I wasn’t going to bother blogging about it (honestly because I didn’t think anyone would care, haha!), but I told Lee Sharma (@startuplee) about it and he found it really interesting. I’ve also chatted to couple of other people about it as well (including someone just the other day). This got me thinking that it might be worth writing about after all, as there’s some pretty unexpected pros and cons with the whole thing.

MOM desk Prisma image

The habits we all fall into…

I’ve discovered a weird sort of irony in that a fair few freelancers I know went into freelancing so that they could have more freedom and flexibility in their working hours… and yet they’ve gravitated towards continuing to work the traditional Monday-to-Friday 9am-to-5pm routine you get in the employment world.

And I’d done exactly the same thing.

Even though I had the option to work whenever I wanted, it still felt like a weird alien shift in mentality to work evenings and/or weekends instead of weekdays. I guess that’s how much it’s become engrained as the ‘norm’ in our society (non-office work notwithstanding). Heck, I even remember reading a blog post by Dom Hodgson (@TheHodge) – which I can’t find now sadly – where he talked about his freelancing style and that he often worked an 8pm to 4am shift, and I thought to myself how utterly weird that sounded. But hey, if that worked for him, it worked for him – we certainly shouldn’t knock it.

Click to read more!

Community: The Key to Happiness?

This post was originally intended as a guest blog post on behalf of Welsh ICE. However, given that it’s quite personal in nature, we agreed that it’d be a best fit on SEOno instead.

ICE coworking community image
People who know me personally or via Twitter might see me as a (mostly!) cheery, friendly, positive guy. However I’ll be the first to admit that when I was growing up, I wasn’t happy for a lot of my early life… I was bullied in school, suffered from depression as a teenager, and also experienced bullying in the workplace in some job roles that I took on. I’m in my early thirties now and I’m pretty happy about my life and where I am at the moment… And recently, while looking back over key moments in my life, I noticed an interesting pattern in the times that I’ve been happiest in my life so far:

  • 2003-4: Working behind the bar at a live music venue in Leicester (The Musician Pub – I recommend it if you’re ever in the area)
  • 2005-7: Helping to run LULUMS (Lancaster Uni Live & Unsigned Music Society) while studying at university
  • 2013-present: Joining Welsh ICE, a coworking space in Caerphilly (on the outskirts of Cardiff)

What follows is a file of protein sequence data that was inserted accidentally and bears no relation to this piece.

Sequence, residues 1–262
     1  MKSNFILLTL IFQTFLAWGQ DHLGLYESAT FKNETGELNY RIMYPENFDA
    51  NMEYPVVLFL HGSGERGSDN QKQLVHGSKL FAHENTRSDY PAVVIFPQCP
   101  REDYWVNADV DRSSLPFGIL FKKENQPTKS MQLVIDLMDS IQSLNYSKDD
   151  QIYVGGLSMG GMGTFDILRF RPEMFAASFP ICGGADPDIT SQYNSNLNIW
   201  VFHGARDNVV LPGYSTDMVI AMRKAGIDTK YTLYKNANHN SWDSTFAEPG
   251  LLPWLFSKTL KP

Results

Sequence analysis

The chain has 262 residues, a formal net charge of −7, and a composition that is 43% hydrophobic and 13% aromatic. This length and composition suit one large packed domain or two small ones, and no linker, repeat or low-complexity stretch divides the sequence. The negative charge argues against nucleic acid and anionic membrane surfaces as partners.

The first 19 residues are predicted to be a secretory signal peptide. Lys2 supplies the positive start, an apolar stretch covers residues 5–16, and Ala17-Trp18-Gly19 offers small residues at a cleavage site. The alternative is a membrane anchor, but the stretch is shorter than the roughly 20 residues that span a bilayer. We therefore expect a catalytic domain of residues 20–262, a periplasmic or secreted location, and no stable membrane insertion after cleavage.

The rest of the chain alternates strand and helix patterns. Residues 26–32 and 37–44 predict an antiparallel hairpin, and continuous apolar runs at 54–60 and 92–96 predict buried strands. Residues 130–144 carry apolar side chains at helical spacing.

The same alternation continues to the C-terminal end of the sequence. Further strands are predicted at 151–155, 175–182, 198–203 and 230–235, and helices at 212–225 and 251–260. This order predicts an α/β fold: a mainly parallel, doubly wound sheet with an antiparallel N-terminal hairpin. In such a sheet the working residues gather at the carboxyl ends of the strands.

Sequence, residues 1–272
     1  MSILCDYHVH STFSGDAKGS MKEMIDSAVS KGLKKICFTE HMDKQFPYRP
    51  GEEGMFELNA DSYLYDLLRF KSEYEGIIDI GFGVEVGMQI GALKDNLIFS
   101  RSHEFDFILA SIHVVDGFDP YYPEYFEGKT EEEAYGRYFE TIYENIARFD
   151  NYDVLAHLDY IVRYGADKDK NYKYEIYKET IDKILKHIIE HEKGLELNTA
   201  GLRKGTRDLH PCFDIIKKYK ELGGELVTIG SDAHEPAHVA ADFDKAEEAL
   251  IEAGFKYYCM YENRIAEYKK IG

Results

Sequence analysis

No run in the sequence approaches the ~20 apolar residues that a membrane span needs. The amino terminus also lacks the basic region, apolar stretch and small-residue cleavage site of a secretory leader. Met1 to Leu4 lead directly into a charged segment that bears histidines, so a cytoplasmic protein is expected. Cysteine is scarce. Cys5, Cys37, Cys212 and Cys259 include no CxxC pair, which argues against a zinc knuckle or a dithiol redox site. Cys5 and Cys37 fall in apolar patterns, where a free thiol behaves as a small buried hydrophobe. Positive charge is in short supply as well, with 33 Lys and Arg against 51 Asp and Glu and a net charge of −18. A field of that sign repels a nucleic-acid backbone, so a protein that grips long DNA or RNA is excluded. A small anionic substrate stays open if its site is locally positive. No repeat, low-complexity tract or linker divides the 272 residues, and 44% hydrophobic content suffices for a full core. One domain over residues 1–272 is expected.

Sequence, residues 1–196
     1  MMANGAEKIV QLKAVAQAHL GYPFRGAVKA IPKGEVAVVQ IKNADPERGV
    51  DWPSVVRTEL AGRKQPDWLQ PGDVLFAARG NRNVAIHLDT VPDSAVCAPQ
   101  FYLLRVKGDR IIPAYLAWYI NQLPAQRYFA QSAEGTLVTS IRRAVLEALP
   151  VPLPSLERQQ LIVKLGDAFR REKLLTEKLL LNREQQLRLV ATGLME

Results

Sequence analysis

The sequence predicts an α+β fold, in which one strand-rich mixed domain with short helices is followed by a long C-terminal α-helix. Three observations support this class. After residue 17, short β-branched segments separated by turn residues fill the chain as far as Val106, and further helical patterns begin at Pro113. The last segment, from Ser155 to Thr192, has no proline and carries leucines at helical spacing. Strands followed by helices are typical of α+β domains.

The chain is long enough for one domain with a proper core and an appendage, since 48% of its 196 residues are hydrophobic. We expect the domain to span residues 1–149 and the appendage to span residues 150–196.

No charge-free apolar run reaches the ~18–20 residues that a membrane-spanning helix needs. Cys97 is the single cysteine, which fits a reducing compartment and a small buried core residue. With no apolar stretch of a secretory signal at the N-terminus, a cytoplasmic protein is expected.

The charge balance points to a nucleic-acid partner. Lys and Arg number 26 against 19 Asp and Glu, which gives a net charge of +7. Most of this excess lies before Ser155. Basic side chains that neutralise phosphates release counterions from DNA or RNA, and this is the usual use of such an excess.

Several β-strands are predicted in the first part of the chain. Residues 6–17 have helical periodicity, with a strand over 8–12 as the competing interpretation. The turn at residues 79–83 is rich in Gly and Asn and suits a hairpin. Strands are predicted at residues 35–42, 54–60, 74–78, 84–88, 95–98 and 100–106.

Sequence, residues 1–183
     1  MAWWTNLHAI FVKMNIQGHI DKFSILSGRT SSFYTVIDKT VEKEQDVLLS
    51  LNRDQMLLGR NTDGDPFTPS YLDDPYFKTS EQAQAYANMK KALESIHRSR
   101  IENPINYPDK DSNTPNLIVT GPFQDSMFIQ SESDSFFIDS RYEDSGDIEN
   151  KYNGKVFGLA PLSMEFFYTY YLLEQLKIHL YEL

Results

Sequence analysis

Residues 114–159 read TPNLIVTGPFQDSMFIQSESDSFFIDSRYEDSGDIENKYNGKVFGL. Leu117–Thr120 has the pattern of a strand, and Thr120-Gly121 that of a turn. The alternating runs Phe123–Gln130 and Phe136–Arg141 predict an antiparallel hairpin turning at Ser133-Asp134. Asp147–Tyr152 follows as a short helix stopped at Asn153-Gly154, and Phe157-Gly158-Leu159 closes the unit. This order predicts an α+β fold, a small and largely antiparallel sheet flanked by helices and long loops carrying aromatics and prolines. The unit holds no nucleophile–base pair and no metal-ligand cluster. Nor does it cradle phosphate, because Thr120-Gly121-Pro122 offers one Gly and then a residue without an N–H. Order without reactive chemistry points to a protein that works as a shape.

In each of these instances I was in a fun environment and working on things that I love, but there was another key ingredient: a sense of community. When I worked at the live music bar, I became friends with my fellow bar staff, the pub managers/owners, the regulars and the performers (especially the locals on the open mic circuit), and we bonded over our love of good music. Similarly, with the live music society at university, I became good friends with other members of the society, the venue owners that we worked with, and the bands that we put on. Jump to the present day and I’m a self-employed online marketing consultant working out of a coworking space, and the people who run it – as well as my fellow members – have become such good friends that they feel like family.

Click to read more!

Looking Back on Your Achievements

Celebratory whiskey image
We all sometimes get that feeling at the end of the working day where you just sit there are you think to yourself: “enh, it feels like I didn’t get anything done today…”

One of my favourite ever blog posts (which annoyingly I can’t find for the life of me now) offered a great tip on this: actually write down what you did that day. That way, despite feeling like you might’ve accomplished nothing of note, you’ll actually see for yourself what you did and therefore realise that you managed to get a fair bit done.

When you’re engrossed in the day-to-day, it can also be easy to forget what’s happened in the bigger picture – such as during a year-long period. As we enter December, take the time to write down your achievements over the past year. Here’s mine from 2016:

  • MOM‘s income increased for the third year running – an increase of around 60% on the previous year
  • I started work with a company that I’d considered a potential dream client for years (Target Group)
  • I continued to get good results for clients… In one instance I helped to increase a client’s organic traffic by 300x in one year (from c. 30 visits per month to over 10,000 visits per month)
  • I spoke at the mighty brightonSEO for the second time (link to talk info, etc.)
  • I was a finalist in the UK Blog Awards for the second time
  • I’ve continued to write for State of Digital, and continue to receive great feedback from my editor
  • I launched Cardiff SEO Meet – we’ve had three meetups so far with turnouts of around 30-40 each time
  • I did a lightning talk for charity and raised over £300 for Climb (Children Living with Inherited Metabolic Diseases)
  • I was invited to give a talk on SEO at the Big Ideas Wales Business Bootcamp (an event which made national news), which was a huge honour
  • SEOno – this very blog – turned 5-years-old, a heck of a milestone in my eyes

And the best bit? We still have a month to go.

Don’t get me wrong – there have been problems, hassles, frustrations and probably an epic fail or two this year, too. But why fixate on that? Learn from it and move on.

How have you done this year?

[Image credit – Heather Anne Campbell]